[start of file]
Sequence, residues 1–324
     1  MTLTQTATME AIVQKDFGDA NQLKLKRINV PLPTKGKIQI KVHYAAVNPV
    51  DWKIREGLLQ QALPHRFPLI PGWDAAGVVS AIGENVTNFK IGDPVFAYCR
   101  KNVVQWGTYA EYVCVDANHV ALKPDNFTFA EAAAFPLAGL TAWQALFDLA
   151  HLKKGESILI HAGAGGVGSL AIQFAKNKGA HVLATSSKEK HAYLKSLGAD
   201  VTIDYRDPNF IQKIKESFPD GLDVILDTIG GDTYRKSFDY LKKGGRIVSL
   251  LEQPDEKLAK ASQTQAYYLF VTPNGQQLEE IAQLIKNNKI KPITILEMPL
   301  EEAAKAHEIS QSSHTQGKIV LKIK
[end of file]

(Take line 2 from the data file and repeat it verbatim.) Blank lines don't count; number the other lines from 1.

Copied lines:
     1  MTLTQTATME AIVQKDFGDA NQLKLKRINV PLPTKGKIQI KVHYAAVNPV